Summary: The Church is created and empowered by the Spirit for the purpose of proclaiming God’s grace and love in word and deed.

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Acts 1:1-11 “Discover Our Mission


While we are being birthed as a congregation of the Evangelical Lutheran Church in America, during the month of October, I think it is important for us to focus on the reason and purpose for our life. Last Sunday Jose focused on Jesus’ teaching that his disciples—the body of Christ—are both salt and light to the world.

This week we will work with Jesus’ parting words to his disciples that they were to wait for the Holy Spirit and then become Jesus’ witnesses to Jerusalem, Judea, Samaria and the uttermost parts of the world. His instructions echo his parting teachings that are found in the gospel of Matthew. In chapter 25, Jesus instructs his disciples to, “Go therefore into the world and make disciples of all nations, teaching them all that I have commanded you and baptizing them in the name of the Father, and of the Son, and of the Holy Spirit.

Taking Jesus’ words seriously, the leadership of Desert Streams Church has crafted a Mission Statement that we believe closely follows Jesus’ teaching. As a congregation, we proudly proclaim that our mission is to “Invite everyone to a new life in Christ, a deeper relationship with Christ, and spirit-filled service for Christ.”


Jesus sent his disciples on trial mission trips, but he did not mention the Holy Spirit at that time. Even in the great commission in Matthew, Jesus does not talk about the Holy Spirit when he tells the disciples to make disciples of all nations—though he does promise to be with them always. It here, in the beginning of the book of Acts, and in the Gospel of John, when Jesus appears to his disciples on Easter evening that we hear of the gift of the Holy Spirit.

The task before the disciples is an imposing one, if not impossible. They are called to spread the gospel of Jesus Christ, and be witnesses to God’s love and grace to the entire world. The commission goes to ordinary men and women, fishermen, tax collectors, merchants and slaves, who are not trained in marketing or persuasive speaking. Certainly, if a mission needed God’s presence and power in the person of the Holy Spirit, is was the mission to which Jesus was calling his disciples. Success in this mission depended both upon the human talents, abilities and commitment of the disciples and the power and presence of God.

Ten days later, the disciples found out what it meant to be baptized in the Holy Spirit and why they needed to be baptized in the Holy Spirit. The Holy Spirit came upon them like a mighty wind. The disciples were given the ability to clearly and boldly communicate the gospel of Jesus Christ to people from around the world.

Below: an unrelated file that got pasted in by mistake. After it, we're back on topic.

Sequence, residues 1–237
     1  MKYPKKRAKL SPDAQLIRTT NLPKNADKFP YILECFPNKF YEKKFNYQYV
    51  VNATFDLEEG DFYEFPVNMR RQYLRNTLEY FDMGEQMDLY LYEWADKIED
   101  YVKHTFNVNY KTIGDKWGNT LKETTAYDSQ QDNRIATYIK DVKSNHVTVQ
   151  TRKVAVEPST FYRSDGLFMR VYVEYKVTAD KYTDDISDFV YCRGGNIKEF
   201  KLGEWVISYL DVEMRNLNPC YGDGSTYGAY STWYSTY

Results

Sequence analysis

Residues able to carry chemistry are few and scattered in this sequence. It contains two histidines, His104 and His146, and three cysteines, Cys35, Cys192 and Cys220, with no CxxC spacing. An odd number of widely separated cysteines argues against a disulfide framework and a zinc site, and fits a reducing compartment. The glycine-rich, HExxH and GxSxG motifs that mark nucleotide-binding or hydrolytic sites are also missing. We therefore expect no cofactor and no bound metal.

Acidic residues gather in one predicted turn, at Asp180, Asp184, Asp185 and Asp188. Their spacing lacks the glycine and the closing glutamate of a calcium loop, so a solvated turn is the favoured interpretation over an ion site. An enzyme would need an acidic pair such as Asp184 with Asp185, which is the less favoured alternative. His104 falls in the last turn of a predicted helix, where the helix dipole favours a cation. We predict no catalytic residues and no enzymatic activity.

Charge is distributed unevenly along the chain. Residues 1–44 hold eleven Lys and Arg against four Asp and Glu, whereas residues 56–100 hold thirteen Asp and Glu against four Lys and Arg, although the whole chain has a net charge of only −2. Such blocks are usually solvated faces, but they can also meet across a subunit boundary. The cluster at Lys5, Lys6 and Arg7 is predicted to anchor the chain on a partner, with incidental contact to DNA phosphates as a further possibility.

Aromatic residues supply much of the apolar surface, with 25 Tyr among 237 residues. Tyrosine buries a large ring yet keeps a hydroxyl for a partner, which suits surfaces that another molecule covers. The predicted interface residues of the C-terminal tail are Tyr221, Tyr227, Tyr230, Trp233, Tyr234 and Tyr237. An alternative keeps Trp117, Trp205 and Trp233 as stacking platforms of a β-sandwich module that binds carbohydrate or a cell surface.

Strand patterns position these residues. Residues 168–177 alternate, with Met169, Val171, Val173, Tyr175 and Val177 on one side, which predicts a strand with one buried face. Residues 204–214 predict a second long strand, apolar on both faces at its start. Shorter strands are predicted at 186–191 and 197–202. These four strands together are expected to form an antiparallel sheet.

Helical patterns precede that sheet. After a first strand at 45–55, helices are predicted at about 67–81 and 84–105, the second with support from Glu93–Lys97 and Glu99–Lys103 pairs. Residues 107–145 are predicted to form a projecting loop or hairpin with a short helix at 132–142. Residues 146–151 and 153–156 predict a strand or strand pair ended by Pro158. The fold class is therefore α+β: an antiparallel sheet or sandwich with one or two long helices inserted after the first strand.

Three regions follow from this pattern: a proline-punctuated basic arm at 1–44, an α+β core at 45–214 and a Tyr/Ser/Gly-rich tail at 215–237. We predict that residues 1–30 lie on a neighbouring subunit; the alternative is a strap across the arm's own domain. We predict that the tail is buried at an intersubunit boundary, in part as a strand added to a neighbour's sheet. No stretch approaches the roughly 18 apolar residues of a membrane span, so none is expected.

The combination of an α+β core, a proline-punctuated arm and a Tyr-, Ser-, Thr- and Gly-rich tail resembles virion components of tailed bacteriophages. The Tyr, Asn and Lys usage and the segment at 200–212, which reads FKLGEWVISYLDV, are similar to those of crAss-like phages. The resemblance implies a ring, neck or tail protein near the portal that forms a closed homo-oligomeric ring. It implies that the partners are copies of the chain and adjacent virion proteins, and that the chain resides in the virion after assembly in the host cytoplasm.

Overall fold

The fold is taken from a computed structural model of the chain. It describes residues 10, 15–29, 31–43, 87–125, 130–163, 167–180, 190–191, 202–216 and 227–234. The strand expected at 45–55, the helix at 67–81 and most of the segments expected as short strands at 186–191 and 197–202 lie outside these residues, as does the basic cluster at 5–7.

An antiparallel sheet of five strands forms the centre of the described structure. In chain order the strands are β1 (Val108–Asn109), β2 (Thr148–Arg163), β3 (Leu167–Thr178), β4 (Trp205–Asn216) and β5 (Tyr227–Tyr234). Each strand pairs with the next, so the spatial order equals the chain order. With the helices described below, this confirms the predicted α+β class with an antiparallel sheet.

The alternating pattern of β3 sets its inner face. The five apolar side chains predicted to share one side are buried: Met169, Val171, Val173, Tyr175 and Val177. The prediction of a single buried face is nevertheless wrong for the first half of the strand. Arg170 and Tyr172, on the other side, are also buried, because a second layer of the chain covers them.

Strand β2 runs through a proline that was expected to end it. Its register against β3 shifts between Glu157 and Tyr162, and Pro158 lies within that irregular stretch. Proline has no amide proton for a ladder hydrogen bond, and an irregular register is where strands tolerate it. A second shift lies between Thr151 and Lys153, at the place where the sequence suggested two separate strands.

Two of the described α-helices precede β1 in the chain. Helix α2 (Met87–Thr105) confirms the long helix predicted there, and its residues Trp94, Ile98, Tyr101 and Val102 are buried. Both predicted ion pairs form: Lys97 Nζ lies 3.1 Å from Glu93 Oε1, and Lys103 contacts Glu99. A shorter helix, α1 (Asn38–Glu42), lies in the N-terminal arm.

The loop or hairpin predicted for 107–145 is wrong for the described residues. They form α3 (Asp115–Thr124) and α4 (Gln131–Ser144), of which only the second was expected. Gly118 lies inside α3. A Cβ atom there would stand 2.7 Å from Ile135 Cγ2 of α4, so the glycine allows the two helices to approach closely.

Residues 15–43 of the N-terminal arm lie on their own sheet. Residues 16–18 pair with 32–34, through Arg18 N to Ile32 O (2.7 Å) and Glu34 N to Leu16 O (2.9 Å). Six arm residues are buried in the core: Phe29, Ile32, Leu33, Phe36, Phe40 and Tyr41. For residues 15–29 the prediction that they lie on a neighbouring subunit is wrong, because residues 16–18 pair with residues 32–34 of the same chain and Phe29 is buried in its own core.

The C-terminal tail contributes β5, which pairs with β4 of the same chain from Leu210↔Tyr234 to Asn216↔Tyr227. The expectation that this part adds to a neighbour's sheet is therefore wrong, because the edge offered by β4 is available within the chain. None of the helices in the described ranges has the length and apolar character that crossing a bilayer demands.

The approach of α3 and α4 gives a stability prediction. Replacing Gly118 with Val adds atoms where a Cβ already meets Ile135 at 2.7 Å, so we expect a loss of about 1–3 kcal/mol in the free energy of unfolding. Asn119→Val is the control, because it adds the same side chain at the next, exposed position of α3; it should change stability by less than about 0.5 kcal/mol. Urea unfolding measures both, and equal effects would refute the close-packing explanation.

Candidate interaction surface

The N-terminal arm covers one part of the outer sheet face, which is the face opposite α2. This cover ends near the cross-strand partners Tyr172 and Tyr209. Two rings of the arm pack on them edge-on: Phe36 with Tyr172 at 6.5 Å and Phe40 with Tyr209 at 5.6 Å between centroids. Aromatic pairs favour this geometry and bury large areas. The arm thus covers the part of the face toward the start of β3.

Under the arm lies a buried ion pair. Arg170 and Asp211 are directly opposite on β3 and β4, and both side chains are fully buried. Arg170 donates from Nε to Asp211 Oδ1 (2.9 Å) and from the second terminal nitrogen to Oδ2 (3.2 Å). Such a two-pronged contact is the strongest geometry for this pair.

We have received the Holy Spirit at our baptism. The Holy Spirit is more than God’s benign presence in our lives, or a healthy conscience that tells us right from wrong. The Holy Spirit gives us a vision of what God wants us to do, anoints our words so they touch the lives of the people around us, and empowers our actions so that they communicate God’s love and grace.

As we step forward in our mission to “Invite everyone to a new life in Christ, a deeper relationship with Christ and spirit-filled service for Christ, we do so with the faith and confidence that the Holy Spirit is present with us and is empowering us.


It is important that each and every one of us clearly understands that our mission field is large—everyone in the city of Surprise and surrounding community. The major emphasis is not on the geographical location, but on the “every one.”

One of the first Bible verses I was taught and memorized is John 3:16, “For God so loved the world that he gave his only sons that whosoever believes in him should not perish, but have eternal life.” This verse catches us by surprise at the depth and the expanse of God’s love.

It doesn’t take much time in your average congregation to realize that the majority of Christians have forgotten, or have ignored, the expanse of God’s love. The church’s welcome is often limited to those who enjoy the same music, those who look like us, those who have similar incomes, or vote in a similar fashion. If different and diverse people join us, then we expect the Holy Spirit to change them into our image in a short amount of time.

We at Desert Streams Church commit ourselves to welcome all people; to be inclusive rather than exclusive. Why? We welcome all people, because Jesus died for all people, and because every one is a sinner in need of a savior.

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